Thursday, October 7, 2010

You haven't seen Haiti until you've seen it from the back of a pickup truck.

October 4, 2010

This is gonna be a looooooooooooong one!

Slept good last night, so I knew that today would be a great day!  We started out the day with a good breakfast of eggs.  I really enjoyed the protein!

We then went through Port Au Prince on our way to Mother Teresa Children’s Hospital.  It’s amazing to see what was destroyed and what was not by the earthquake.  It’s like buildings just collapsed. I know that is what happened, but it’s so hard to explain.  The walls seem to have just given way and everything fell straight down. I can’t even imagine how they can ever clean it up.  I have a hard time even trying to figure out where they would take the debris.  Space is limited on an island.  So limited, that they burn trash whenever and wherever.  It’s not uncommon to come across the smell and site of burning trash.  It’s something you can never forget.

We then got to the Hospital.  This hospital was actually founded by Mother Teresa herself!  It is unexplainable.  There are children lined up in cribs, all very malnourished.  The lack of nutrition has caused multiple other problems in most cases.  These poor kids not only had little or no hair, they had multiple skin lesions, fevers, severe colds and many other aliments.  This location is run by 2 nuns and they are amazing human beings. It’s heartbreaking to walk in there and see the site.  We weren’t allowed to take pictures out of respect for the patients.  It’s sad, because I have no way to properly express the situation.  The children beg to be held, and once you do, it’s impossible to put them back in their crib.  Some children are not only clinging to you, but clinging to life itself. 

We went to get some food after this visit and came across a nice surprise…a real restaurant with real air conditioning! I had pizza, fries and yet again another coke. It was a glorious meal! 

We traded our bus in for a couple of rental vehicles for our trip to the mountains.  We rode in the back of a truck and let me tell you---you haven’t seen Haiti until you’ve seen Haiti in the back of a pickup truck!  The ride was unlike any adventure I’ve had.  The good news is that the trucks are made for riding in the bed, so have built in hand rails.  I held on for dear life.  There aren’t really rules for driving in Haiti, so it is rather unpredictable.  And did I mention there aren’t really paved roads either?  We traversed traffic, potholes, pedestrians, goats, more potholes all while speeding up only to slam on the breaks.  Then the rain came.  And not a little sprinkle, but a huge massive tropical downpour.  We were drenched in a matter of seconds.  But we had an unexpected blast and I wouldn’t trade that experience for a million dollars.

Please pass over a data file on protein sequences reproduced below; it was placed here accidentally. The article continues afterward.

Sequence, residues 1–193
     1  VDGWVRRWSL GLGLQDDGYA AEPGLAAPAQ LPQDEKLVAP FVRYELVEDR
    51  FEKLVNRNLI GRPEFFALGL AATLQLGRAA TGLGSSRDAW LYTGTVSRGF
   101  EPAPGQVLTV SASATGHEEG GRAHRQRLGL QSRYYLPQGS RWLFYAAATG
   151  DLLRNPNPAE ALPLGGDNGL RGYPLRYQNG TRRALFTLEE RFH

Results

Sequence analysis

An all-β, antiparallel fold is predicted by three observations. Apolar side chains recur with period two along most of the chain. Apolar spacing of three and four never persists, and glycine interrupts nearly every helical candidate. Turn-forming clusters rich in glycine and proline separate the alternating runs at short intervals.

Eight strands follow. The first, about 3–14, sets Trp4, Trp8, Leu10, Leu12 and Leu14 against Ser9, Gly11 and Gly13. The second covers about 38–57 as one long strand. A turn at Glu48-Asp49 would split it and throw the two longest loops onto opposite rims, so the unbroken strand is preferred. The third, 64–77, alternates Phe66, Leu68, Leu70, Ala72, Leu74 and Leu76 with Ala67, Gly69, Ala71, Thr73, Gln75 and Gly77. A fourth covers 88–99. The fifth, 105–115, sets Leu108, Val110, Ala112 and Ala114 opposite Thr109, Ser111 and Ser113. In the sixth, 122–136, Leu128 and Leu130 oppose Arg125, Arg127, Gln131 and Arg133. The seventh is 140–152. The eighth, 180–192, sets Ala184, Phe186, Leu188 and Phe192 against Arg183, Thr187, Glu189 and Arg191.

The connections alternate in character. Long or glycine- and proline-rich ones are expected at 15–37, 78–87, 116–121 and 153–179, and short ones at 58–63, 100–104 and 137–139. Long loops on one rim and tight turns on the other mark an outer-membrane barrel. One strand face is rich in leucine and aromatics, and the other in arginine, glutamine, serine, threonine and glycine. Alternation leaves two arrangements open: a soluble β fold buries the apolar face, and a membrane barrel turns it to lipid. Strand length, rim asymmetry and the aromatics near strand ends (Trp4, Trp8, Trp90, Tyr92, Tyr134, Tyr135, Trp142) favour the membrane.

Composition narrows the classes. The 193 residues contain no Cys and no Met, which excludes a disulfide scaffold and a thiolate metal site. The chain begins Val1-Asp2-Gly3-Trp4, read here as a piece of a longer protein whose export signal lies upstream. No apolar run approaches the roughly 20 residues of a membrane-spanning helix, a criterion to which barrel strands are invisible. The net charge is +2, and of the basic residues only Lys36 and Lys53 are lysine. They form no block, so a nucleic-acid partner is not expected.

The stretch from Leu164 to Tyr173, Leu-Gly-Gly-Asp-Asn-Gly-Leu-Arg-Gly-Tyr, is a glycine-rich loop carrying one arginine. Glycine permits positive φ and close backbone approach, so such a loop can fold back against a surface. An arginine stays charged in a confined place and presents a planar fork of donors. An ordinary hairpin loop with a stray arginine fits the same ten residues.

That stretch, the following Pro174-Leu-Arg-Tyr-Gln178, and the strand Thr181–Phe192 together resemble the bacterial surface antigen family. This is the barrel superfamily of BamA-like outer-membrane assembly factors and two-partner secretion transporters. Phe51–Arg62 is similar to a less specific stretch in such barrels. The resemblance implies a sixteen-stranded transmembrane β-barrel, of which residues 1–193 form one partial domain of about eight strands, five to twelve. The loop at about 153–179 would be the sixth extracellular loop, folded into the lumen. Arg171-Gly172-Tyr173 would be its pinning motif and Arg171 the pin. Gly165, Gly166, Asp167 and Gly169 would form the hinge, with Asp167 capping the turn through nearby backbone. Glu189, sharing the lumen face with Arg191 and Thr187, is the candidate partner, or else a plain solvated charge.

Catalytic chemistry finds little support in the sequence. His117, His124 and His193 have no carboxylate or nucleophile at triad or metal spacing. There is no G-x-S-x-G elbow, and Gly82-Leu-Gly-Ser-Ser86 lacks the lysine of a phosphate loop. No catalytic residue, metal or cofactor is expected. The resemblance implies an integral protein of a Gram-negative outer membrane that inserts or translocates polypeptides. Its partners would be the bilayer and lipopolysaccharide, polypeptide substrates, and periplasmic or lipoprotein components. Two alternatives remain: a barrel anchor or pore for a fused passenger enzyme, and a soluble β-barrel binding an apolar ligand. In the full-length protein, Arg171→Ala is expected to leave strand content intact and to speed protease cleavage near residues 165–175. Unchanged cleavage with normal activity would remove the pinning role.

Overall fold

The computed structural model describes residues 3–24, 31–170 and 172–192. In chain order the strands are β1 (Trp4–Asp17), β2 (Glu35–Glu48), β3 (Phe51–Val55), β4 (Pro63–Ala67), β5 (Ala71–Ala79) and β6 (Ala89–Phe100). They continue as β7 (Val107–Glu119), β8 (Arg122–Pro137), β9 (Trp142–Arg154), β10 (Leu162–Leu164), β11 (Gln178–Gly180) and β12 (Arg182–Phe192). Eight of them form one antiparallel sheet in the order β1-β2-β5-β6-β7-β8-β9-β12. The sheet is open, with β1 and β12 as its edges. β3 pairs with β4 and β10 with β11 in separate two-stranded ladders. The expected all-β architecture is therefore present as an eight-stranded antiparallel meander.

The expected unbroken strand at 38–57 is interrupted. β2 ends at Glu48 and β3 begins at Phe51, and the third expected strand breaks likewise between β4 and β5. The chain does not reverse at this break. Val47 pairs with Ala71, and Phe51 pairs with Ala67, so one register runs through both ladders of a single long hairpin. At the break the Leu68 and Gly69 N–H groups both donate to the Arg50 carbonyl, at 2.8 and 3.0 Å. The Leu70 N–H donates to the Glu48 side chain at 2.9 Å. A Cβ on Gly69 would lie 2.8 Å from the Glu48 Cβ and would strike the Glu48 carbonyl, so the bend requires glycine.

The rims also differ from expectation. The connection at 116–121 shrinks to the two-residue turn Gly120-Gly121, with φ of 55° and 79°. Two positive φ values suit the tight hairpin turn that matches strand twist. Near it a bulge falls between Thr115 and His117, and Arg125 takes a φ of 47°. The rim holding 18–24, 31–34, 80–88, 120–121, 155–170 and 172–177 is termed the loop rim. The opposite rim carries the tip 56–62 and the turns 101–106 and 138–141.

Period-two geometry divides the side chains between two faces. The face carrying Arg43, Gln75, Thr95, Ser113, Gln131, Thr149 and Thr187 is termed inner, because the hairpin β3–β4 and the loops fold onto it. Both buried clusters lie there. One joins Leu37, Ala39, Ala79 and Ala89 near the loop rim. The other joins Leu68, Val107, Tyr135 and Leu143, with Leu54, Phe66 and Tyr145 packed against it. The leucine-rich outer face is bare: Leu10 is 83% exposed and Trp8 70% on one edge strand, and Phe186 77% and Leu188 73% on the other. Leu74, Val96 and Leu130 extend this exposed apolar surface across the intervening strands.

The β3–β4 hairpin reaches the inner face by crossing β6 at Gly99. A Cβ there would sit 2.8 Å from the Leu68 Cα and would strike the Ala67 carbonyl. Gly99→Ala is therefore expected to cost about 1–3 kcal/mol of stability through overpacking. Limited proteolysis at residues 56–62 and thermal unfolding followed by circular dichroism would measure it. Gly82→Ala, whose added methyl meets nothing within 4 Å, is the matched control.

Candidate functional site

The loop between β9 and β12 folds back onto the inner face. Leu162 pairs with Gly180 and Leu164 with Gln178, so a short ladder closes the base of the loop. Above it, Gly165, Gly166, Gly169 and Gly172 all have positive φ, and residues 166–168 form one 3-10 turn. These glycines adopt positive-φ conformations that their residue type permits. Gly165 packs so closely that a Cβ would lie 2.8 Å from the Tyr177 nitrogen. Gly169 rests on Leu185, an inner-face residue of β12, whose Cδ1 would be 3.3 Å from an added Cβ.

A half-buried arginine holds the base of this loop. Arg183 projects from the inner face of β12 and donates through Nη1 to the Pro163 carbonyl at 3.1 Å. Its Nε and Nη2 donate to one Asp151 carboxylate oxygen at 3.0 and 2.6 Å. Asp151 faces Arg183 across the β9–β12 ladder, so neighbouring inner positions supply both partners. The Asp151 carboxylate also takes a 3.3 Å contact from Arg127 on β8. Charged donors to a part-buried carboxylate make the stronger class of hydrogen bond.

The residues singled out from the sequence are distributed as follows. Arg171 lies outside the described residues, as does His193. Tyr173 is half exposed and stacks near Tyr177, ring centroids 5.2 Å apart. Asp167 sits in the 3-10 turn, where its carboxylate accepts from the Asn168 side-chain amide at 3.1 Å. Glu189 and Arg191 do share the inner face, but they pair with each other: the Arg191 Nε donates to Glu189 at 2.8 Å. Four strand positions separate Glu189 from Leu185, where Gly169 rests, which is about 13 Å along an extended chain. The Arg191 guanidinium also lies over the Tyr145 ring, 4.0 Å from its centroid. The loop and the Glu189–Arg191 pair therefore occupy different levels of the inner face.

It was also very unsettling to see how the rain affected the Haitians.  They have nowhere to go when it rains.  We saw masses of people running down the street to look for cover, then we saw even more people huddled into any overhang they could find.  We passed a gas station that must have had 1000 people under the awning.  I have never thought about not being able to find shelter when it rains, but for these guys, that’s an almost daily occurrence. We came across a few people affiliated with the orphanage, so picked them up as well.  By the time we pulled up to the orphanage, we had 10 people crammed into the back of an S-10. 

I forgot to mention what happens to traffic when it rains.  It stops.  Vehicles were breaking down, roads were completely underwater and there is no room to go anywhere.  And then once we broke free, it got cold.  Going 60 mph in a back of pickup truck soaking wet will cool you off fast!  But again, I can’t begin to explain how enlightening it was!

When we got back to the orphanage, we were asked to start an IV on our sick girl from yesterday.  They took her to the doctor and he suspects Typhoid.  So Tony, amazing Tony, got an IV in her and we gave the prescribed antibiotic, along with some fluid.  It was amazing to be able to give her this treatment that otherwise she would go without. 

I felt that maybe I was helping today, although I still feel frustration that I can’t do enough.  I will never be able to do enough and that is a tough pill to swallow.   

No comments:

Post a Comment